Keep Doctors Practicing Medicine

John Mark Reynolds

Keep Doctors Practicing Medicine

Of late Americans have witnessed the sad and ugly sight of a group imposing a narrow and extreme ideology on the nation. This minority refuses to recognize professional limits and are attempting to corrupt medicine.

How?

They confuse doctors with ethicists or lawmakers and expect our poor medical professionals to be judges of right and wrong and decide what should or should not be legal. Already overworked, these extremists demand doctors do what doctors are not trained to do.

Medical decisions should be left to a doctor and patient. Ethical decisions cannot always be and political decisions should never be. Doctors are credentialed by other doctors, but we elect our legislators.

Doctors are free to suggest the best medical care and patients are free to choose or reject it. The American ideal is for “we the people” to be given the most liberty possible. The American, and Christian, society respects an individual’s power to choose. The right to choose and have power over one’s own body is a great good, but it is not the only good.

Medical care and the choices involved cannot be isolated from the rest of human life. Some medical procedures come with a social or ethical cost. What would it profit a man to save his body at the cost of his soul?

Put simply: medical decisions sometimes involve ethical decisions.

Ethical decisions cannot be left to amateur ethicists, such as most medical doctors. That doctors wish to do a thing, can do a thing, and even want to do a thing, does not mean they should do it. What any man should do is not “just medicine.” American history shows that medicine can easily be corrupted by bad men to pursue wicked ends.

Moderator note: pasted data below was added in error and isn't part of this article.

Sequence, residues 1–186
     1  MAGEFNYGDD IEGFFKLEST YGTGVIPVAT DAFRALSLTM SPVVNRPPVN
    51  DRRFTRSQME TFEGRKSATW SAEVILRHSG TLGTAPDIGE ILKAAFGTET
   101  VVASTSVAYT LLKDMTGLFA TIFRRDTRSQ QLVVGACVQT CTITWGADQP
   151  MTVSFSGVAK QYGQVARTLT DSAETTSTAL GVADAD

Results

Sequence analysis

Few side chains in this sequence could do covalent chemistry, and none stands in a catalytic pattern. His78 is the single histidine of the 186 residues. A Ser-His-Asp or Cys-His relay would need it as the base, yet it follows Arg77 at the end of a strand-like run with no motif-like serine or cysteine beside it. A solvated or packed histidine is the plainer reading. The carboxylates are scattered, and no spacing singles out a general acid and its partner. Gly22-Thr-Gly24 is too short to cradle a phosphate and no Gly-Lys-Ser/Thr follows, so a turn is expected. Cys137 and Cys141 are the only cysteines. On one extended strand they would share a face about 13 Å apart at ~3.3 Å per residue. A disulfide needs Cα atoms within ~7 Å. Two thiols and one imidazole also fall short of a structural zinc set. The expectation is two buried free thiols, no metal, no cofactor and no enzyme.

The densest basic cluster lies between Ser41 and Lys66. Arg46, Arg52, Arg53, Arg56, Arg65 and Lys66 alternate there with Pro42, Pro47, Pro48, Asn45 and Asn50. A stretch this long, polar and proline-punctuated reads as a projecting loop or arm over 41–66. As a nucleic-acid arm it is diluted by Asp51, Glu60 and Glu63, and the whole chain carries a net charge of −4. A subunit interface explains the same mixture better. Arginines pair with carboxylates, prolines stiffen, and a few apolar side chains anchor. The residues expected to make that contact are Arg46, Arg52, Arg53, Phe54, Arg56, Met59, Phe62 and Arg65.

Sterilizing certain Americans involuntarily in the twentieth century may have been a legal medical procedure that was justified by some scientists, but it was still wicked. The problem wasn’t with the medicine, but with the ethics.

Medical doctors can only tell us what can be done, but they are as fallible as the rest of us in knowing what should be done.

Americans also know that not everything that is bad should be illegal. The dominant Christian ethical tradition taught us to balance liberty and law. Tolerating too much wickedness will bring societal collapse, but too many laws will choke out liberty and and lead to tyranny.

Who will decide these questions?

The Founders of the American Republic decided that “we the People” through our elected representatives would decide what things are legal, though we don’t decide “right and wrong.” Every human being was given the right to life, liberty, and human happiness by their Creator. The laws of Nature and of Nature’s God are not subject to Supreme Court decisions. The Supreme Court may have declared the fugitive slave laws legal and constitutional, but the perfume of legality did not cover the stench of moral rot.

Abortion, like race based slavery, is a very bad thing. God and most Americans know it is wrong, though the Supreme Court made it legal. Pretending that legal restrictions on abortion merely interfere with “medicine” is intellectually shallow. Pro-lifers are not restricting medicine, but what they believe to be unethical uses of medicine.